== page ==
Hungary says probing Nazi war criminal 'raises problems'
Hungarian prosecutors said Monday that investigating an aged Nazi war criminal found alive and well in Budapest was problematic because the events took place so long ago and in a different country.
A probe into Laszlo Csatary, 97, began in September after information was received from the Nazi-hunting Simon Wiesenthal Center, which ranks him number one on their wanted list, the public prosecutors' office said.
The investigation covered events in 1944 in Kosice, then in Hungary but now in Slovakia, where the Wiesenthal Center says as a senior policeman he helped organise the deportation to the Auschwitz death camp of some 15,700 Jews.
The investigation "therefore has to explore an event remote in both time and place," with "significant part" of the probe dedicated to finding possible witnesses, some of whom may live abroad, prosecutors said.
"It took place 68 years ago in an area that now falls under the jurisdiction of another country -- which also with regard to the related international conventions raises several investigative and legal problems," a statement said.
"Finding the answers to the aforementioned questions is a precondition to clarifying the facts and determining further investigative actions."
In 1948, a Czechoslovakian court condemned Csatary to death in absentia but he had made it to Canada where he worked as an art dealer in Montreal and Toronto until he was stripped of his citizenship and was forced to flee in 1997.
He ended up in Budapest where he lived undisturbed until the Wiesenthal Center alerted Hungarian authorities last year. British tabloid The Sun in a report at the weekend tracked down the old man and confronted him.
"No, no. Go Away," the paper quoted him as saying at the door to his apartment.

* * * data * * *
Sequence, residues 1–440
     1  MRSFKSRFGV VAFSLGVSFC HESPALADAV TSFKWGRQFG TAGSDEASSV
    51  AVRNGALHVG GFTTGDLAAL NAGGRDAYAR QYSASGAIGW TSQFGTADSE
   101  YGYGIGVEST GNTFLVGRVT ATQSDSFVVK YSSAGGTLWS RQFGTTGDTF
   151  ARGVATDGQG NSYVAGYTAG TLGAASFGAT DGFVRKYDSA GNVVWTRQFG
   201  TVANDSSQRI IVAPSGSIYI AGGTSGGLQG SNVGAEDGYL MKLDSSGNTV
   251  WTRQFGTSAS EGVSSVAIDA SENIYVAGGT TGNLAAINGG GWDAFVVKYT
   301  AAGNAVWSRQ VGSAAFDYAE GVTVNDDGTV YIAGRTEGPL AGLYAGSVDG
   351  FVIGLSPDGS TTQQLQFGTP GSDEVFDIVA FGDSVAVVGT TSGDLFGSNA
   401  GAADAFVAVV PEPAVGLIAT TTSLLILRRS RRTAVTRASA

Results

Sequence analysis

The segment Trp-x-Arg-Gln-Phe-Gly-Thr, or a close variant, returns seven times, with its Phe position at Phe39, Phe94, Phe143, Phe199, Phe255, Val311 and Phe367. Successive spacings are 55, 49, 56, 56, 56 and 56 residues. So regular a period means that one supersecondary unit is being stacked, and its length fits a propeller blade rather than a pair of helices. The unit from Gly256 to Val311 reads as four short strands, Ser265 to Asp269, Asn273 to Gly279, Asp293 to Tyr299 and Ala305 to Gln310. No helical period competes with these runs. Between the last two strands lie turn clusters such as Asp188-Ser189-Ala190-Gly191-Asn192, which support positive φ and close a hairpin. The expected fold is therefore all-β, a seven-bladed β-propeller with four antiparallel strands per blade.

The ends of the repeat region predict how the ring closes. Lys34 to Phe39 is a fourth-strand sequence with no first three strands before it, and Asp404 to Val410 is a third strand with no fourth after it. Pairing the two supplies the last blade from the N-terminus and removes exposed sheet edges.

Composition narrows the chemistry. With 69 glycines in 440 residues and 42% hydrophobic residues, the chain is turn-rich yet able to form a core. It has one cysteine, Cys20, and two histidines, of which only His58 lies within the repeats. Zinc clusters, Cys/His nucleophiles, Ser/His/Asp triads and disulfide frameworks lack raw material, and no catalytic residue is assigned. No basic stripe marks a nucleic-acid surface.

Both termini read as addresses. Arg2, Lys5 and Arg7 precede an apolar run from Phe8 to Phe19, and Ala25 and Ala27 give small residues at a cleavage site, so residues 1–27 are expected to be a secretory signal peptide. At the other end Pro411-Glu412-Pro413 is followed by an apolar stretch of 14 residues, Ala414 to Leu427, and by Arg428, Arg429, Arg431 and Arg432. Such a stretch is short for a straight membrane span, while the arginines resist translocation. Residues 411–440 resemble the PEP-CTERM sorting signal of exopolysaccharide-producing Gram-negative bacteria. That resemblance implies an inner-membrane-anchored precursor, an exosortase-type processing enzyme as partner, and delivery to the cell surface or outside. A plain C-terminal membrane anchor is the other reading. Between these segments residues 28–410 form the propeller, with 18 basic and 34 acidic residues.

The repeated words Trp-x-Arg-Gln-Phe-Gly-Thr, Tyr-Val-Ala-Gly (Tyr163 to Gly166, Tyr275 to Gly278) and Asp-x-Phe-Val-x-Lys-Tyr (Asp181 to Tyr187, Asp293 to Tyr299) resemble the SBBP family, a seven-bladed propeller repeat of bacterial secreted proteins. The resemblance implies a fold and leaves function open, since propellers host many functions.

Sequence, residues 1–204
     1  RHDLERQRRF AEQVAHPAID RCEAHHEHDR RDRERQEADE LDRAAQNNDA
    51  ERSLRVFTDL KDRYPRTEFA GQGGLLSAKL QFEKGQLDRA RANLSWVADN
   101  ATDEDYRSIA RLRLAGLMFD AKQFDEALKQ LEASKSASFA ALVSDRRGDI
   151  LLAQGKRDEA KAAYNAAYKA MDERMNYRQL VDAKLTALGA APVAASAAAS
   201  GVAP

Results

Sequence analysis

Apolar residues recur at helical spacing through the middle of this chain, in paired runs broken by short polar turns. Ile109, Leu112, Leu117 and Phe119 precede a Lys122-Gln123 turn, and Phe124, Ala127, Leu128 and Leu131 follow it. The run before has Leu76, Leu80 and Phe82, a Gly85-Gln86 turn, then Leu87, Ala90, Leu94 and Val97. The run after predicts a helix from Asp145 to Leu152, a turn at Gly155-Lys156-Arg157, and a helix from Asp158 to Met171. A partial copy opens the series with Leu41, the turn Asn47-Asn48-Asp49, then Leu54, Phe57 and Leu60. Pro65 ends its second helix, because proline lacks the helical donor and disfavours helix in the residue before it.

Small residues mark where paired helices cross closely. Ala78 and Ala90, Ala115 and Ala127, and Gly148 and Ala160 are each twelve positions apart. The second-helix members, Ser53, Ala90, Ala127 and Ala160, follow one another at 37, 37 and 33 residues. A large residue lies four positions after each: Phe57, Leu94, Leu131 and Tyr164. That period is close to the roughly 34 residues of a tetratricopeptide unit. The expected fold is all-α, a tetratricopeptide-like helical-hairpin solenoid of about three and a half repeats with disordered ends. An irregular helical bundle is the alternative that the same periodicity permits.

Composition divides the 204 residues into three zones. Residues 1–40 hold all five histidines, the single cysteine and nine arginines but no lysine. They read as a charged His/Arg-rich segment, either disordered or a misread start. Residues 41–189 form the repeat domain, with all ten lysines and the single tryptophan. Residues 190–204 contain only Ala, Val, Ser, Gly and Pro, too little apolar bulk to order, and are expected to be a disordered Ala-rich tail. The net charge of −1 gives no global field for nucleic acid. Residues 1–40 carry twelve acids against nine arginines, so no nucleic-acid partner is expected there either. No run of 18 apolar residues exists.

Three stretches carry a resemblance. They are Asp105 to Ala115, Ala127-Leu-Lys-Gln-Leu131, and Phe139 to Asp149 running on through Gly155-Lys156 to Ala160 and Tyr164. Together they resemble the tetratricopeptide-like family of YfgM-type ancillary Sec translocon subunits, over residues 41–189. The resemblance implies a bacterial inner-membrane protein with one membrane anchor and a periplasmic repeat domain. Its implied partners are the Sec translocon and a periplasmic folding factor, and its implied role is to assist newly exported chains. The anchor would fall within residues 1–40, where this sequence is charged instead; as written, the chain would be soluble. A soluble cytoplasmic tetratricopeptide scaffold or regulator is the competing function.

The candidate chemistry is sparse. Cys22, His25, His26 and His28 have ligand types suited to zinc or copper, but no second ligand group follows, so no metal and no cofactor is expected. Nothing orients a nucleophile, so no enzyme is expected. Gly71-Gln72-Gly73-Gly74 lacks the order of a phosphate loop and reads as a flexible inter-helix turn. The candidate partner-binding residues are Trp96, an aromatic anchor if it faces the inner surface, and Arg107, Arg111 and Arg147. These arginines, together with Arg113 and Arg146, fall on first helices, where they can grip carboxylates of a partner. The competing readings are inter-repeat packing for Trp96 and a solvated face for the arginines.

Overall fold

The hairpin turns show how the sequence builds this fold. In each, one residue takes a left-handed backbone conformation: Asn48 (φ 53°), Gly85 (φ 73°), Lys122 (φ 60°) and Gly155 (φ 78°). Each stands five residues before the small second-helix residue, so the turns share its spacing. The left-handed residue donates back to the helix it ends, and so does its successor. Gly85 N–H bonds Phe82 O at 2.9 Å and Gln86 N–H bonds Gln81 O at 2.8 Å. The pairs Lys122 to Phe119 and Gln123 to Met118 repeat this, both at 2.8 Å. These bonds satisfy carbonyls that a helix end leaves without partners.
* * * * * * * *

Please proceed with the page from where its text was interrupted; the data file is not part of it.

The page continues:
Efraim Zuroff, the Wiesenthal Center's chief Nazi-hunter, handed over more evidence to Hungarian prosecutors last week highlighting Csatary's "key role" in the 1941 deportation of some 300 Jews from Kosice to Ukraine, most of whom were murdered.
Zuroff told AFP on Sunday that he has been "very upset and very frustrated" about the lack of action by Hungarian authorities.
"Something has to be done because he's in good health at 97... but this could change very quickly."
"The passage of time in no way diminishes his guilt and old age should not afford protection for Holocaust perpetrators."
French Nazi-hunter Serge Klarsfeld said on Monday he doubted Hungarian authorities would prosecute Csatary, even as Paris urged Budapest to launch legal proceedings against him.
The Hungarian government of right-wing Prime Minister Viktor Orban declined to comment on the case, saying it was a matter for the public prosecutor's office.
"The Hungarian government has always supported the exhaustive exploration of past crimes and the prosecution of perpetrators," said spokeswoman Judit Pach.
"Therefore, it calls for the exploration of the truth and the punishment of the guilty."